Hair-pullingly bad experiences with wireless networking have led me to formulate Snyder's First Law of Home Networking: No matter who sells you the router, you'll have at least one excruciating session with tech support before you have an Internet connection.
Well, I'm surprised and happy to say that I've finally found an exception: Cisco's new Valet home router, billed as "home wireless made easy" actually works as advertised. Be still my beating heart. (More about the Valet later.)
Like the popular new restaurant that suddenly can't turn out a decent meal, home networking is a victim of its own success. The more devices we add to our networks, and the more demanding applications we want to run across them, the tougher it is to have a good experience.
Movies and videos are certainly the worst offenders in this regard, but streaming music can slow down your network, or cause connections to drop so frequently you want to toss the device out the window.
Here are five tips that will help take the pain out of wireless networking.
1. Buy an "n" router
As you've probably noticed, routers come in a number of flavors that are identified by a letter following the ubiquitous 802.11 designation. The newest flavor is "n," and there's no reason to buy a "b" or "g" router that isn't "n" compatible.
It is possible that you have an older PC that doesn't support "n," but that shouldn't be a problem. Nearly all of the wireless standards are backwardly compatible, so buy "n" and be ready for your next computer, which will certainly support it. Be aware, though, that a network will run at the speed of its slowest component, so you won't get all the benefits of the new standard.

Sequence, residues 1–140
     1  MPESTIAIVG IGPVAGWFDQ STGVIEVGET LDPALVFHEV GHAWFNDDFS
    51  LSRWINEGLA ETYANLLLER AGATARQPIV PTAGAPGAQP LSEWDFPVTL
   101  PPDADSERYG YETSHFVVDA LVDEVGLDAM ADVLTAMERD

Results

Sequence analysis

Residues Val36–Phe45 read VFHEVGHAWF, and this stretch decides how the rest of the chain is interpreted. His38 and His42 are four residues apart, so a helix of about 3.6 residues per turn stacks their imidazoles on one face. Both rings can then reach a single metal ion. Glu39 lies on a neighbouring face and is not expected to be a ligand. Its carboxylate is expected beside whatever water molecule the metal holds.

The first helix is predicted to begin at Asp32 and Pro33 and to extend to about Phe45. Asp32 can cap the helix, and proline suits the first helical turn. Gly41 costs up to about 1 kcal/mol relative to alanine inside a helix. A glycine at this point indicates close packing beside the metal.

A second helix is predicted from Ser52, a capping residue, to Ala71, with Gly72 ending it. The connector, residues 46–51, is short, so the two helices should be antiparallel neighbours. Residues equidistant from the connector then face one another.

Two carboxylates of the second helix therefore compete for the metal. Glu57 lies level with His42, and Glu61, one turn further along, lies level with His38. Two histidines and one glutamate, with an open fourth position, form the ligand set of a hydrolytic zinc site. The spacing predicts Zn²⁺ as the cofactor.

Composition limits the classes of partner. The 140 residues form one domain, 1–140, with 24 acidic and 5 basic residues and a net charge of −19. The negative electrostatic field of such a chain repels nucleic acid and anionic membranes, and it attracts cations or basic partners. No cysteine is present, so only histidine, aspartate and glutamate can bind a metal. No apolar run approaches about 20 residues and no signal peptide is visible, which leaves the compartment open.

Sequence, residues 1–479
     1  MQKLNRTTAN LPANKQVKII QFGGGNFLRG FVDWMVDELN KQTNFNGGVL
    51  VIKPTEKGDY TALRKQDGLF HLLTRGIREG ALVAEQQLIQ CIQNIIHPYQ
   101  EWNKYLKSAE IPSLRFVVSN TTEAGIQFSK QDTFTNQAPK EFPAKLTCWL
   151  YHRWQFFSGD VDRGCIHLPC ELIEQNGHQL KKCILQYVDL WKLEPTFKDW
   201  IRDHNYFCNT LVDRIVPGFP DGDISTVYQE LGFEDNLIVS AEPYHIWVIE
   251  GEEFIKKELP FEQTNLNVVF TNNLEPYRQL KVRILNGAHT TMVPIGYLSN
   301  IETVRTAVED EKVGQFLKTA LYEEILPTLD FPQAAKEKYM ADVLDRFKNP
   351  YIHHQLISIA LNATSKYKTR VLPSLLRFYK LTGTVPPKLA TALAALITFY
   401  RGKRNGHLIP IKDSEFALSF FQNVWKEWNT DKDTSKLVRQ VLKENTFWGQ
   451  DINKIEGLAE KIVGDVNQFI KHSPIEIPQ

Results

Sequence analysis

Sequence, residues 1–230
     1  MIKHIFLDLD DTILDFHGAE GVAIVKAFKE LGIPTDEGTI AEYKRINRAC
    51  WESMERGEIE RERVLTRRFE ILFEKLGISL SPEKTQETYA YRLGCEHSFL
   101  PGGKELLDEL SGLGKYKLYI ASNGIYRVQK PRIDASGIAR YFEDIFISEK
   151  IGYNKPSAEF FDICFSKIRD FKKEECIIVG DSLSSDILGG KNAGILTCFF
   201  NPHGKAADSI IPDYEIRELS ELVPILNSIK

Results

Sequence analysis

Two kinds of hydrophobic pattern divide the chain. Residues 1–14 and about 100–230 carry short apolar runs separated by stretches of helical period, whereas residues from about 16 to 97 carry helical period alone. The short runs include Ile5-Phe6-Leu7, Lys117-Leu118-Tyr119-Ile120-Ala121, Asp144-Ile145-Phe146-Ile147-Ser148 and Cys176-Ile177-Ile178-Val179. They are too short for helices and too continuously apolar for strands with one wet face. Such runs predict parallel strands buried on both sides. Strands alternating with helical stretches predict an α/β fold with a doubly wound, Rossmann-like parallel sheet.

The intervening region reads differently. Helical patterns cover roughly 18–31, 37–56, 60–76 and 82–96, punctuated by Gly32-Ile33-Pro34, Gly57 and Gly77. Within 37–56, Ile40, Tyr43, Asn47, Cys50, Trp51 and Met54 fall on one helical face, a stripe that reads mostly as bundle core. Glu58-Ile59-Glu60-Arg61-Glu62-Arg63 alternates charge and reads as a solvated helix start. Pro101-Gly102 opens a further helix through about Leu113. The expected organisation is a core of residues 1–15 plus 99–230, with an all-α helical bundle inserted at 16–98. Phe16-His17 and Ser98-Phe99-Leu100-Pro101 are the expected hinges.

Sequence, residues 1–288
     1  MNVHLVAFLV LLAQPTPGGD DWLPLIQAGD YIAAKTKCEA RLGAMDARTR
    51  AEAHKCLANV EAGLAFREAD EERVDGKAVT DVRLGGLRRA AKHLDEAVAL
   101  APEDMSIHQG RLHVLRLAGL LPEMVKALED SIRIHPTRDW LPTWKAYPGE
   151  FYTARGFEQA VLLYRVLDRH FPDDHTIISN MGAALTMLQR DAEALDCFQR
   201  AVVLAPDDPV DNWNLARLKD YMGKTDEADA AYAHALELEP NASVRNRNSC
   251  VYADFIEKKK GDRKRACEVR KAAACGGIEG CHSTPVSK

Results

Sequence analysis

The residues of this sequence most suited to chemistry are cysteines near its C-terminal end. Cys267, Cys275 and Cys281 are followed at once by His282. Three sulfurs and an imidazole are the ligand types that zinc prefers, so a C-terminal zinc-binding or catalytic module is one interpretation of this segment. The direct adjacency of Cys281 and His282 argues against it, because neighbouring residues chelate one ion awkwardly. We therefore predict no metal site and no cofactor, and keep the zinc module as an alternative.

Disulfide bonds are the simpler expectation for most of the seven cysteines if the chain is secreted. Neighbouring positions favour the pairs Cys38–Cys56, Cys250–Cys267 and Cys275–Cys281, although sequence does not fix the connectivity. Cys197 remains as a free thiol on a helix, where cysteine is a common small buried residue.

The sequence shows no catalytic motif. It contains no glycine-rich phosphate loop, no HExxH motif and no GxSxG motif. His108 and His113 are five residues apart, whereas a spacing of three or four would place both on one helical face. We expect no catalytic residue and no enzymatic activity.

"N" is faster than older standards -- hitting speeds as fast as 300 Mbs, compared to about 54Mbps for "g" routers. A few months ago, I wrote about the broadband speed gotcha, the annoying difference between a download speed that vendors sell as "up to" a certain number and the slower, real-world performance. That's also true in wireless networking. You won't get 300 Mbs.
A box that's been sitting on a store shelf for a while may say that the router supports "Draft n." That's a legacy of the long time it took for the IEEE to agree on a final standard, but it's not something that will affect compatibility or performance.
2. Multiple antennas and multiple bands works best
Because we're talking wireless networking here, there are a few complications. More expensive 'n" routers use three or more antennas; cheaper ones use fewer. It's not a drop dead requirement, but more antennas will give you better coverage and better performance.
You might not think that microwaves, baby monitors, cordless phones and routers don't have much in common -- but they do. All use the 2.4GHz radio band and can interfere with each other.
Dual-band routers operate in both the 2.4 GHz and 5 GHz bands. Some, called single-radio models make you choose one band or the other, while simultaneous or two-radio models support devices that connect in both bands at the same time.
Devices on the 5 GHz band won't trip over the microwave, and that could help avoid annoying dropped connections. However, the 5 GHz signal is more likely to slow when it goes through a wall, so you've got a few possible tradeoffs here. I have a dual band router, and have never needed to switch to the 5 GHz mode, but if interference does seem to be a problem in your home, a dual-band router might be the solution.